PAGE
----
Barack Obama has been US President for almost five years; Angela Merkel has been German Chancellor for nearly eight.
They have met at international gatherings on numerous occasions. But their joint appearance at the Brandenburg Gate in Berlin this week was the first time it had been possible to detect any real warmth between them – which is strange because, in circumstances and character, but most of all in the criticisms directed against them, they have a great deal in common.
For all Obama’s undoubted oratorical gifts, as President he has come across as quiet, scholarly, introverted – even stand-offish. Merkel is neither a natural orator nor an instinctive campaigner, though she has learnt to do both. But her preference, as Obama’s, is to keep herself to herself. Each has a closely guarded private life and a small circle of trusted friends. But the gregariousness that characterised Bill Clinton and George Bush Jnr, and the high-profile public politicking at which Gerhard Schröder and Helmut Kohl excelled, is foreign to both.
The American press recently reported that Obama had taken to inviting small groups of interesting people to dinner at the White House – an observation the more remarkable for the fact that it was seen as newsworthy. Last month, Merkel drew headlines for an interview with a women’s magazine, where she talked about her domestic life. It said much about her character that she had managed so far to keep so much of her life out of view.
The introspection they share goes hand in hand with a thoughtfulness that has been condemned as dithering. In his first term, Obama agonised about whether to send more troops to Afghanistan (as a prelude to withdrawal). In the end, he took the advice of his then commander, David Petraeus, and appeared ever after to regret it; he was far more at ease scaling back the US presence and perhaps felt he should have followed his own lights. He is now debating with himself whether to support the anti-Assad rebels in Syria; his difficulty is that he can see both sides and knows well the perils of projecting power.
Obama’s apparent reluctance to engage in the sort of out-there, hands-on, global leadership that his two predecessors practised in their very different ways has provoked disappointment, even ire, from erstwhile fans. The term “followership” has been coined to describe his low-key approach to the US abroad, while in Libya he was accused of “leading from behind”. His apparent reluctance to deploy US power has become synonymous in some quarters with America’s supposed decline.
Angela Merkel has come in for very similar flak from her fellow Europeans. Critics grant that history makes it hard for any German leader to assert themselves abroad, and the vitriolic comment that appeared in Greece as it teetered on the brink of bankruptcy showed how wise Merkel was to tread lightly. But the clamour was for Germany, as the eurozone’s biggest and most successful economy, to take the lead – by increasing the tax burden on Germans and applying less Protestant rigour elsewhere. Like Obama, she has been accused of dithering, timidity and lacking “vision” at a time when boldness was called for.
This catalogue of defects, however, fails to allow for one salient fact. At the time of writing, Obama and Merkel are widely seen as the strongest and most successful national leaders in the industrialised world. Each was convincingly re-elected to a second term, and Merkel, after some troubles in her party ranks, seems to be cruising to a third. What is more, they are both recognised not just as national leaders, but as regional flag-carriers – which may be why there is such frustration with their reluctance to capitalise on their stature and lead from the front.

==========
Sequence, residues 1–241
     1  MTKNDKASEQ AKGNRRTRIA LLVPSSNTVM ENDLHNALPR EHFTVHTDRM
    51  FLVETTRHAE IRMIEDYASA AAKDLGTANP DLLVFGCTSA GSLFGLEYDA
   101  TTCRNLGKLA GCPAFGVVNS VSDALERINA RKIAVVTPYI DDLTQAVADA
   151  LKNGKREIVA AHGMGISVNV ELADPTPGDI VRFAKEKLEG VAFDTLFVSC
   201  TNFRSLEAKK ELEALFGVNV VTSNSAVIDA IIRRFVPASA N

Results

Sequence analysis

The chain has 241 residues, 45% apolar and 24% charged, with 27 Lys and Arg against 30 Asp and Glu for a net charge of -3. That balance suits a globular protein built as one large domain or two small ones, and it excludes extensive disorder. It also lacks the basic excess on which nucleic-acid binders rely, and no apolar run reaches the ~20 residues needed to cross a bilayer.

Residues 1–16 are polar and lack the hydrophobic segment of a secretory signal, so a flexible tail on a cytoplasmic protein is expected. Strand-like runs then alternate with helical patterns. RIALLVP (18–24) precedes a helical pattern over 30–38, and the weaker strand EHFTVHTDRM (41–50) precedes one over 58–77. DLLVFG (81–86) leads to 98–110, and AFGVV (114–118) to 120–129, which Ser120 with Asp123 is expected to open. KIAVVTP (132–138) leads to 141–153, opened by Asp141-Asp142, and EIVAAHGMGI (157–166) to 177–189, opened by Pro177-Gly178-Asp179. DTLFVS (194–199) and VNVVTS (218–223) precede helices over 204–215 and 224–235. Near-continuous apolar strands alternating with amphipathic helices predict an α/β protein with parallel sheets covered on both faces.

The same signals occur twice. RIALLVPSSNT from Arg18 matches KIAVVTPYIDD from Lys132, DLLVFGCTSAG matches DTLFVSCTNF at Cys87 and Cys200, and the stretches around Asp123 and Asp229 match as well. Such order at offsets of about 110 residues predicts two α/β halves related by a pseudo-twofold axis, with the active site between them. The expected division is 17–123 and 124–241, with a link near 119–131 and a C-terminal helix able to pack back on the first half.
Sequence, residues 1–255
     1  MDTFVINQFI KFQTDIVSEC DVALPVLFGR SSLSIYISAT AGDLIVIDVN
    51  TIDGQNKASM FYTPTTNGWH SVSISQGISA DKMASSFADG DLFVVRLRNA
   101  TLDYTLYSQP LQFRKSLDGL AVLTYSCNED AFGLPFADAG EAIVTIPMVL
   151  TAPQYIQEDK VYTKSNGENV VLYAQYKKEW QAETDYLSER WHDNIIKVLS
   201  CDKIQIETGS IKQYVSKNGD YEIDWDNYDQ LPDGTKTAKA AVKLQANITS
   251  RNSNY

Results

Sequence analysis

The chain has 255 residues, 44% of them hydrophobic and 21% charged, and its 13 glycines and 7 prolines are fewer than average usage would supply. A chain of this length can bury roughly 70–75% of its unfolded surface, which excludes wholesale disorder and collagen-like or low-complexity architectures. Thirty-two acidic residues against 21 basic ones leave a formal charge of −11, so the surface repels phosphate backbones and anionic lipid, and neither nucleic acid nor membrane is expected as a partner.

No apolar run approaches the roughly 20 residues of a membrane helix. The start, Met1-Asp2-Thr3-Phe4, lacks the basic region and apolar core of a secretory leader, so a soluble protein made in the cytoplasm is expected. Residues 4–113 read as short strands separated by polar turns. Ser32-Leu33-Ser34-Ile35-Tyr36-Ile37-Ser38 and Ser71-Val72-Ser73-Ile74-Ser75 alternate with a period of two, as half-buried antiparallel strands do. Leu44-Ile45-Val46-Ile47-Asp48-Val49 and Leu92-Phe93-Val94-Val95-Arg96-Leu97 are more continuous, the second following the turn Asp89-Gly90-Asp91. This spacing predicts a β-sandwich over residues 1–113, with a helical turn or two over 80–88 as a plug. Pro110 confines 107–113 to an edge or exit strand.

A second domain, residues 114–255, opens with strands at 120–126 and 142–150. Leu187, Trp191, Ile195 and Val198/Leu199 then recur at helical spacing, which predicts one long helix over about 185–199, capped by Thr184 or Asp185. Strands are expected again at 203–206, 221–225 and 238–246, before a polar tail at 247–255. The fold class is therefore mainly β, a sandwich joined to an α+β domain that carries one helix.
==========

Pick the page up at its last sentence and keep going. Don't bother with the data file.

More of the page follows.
Yet there is another way of interpreting the apparent contradiction here. Could it be that the more questioning approach of Obama and Merkel and their very reluctance to push themselves forward are qualities that are underrated in political leaders – qualities that actually help to explain their success? Might it not also be that there are times when audacity is called for – the fast-moving events that ended the Cold War come to mind – and others when a more considered approach is in order.
Merkel makes no secret of her admiration for her one-time mentor, Helmut Kohl, and the way he steered Germany’s unification. Obama, for his part, paid tribute to George Bush – the father, as he clarified – in his Berlin speech. But the point is that, even as the Berlin Wall fell, there was an outline of the continent that was emerging. The implosion of the Soviet Union might still not have been envisaged, still less that it would happen peacefully, without famine or waves of refugees. But the end of communism and the rebirth of Europe was conceivable. It was the means rather than the end that was in doubt. Too clumsy an American finger on the trigger – the US stealth warplane that brushed North Korea’s airspace, say – and the result could be disaster. In this instance, Obama could afford some quiet backtracking, a course not open to a more driven leader. Merkel’s diplomacy, inside her coalition government and in Europe, is cautious, collaborative and managerial; it has kept the show on the road.
As for accusations of dithering, there is no evidence that when the time comes for a decision to be taken, either Obama or Merkel has been found wanting. Put another way, there are times when a premature, ill-considered action is not decisive, but reckless. Obama and Merkel still have time to make mistakes. But thus far their just-in-time decisions, made carefully, after due consideration of the facts, are at least as effective as any other kind, and infinitely better suited to our perilous times.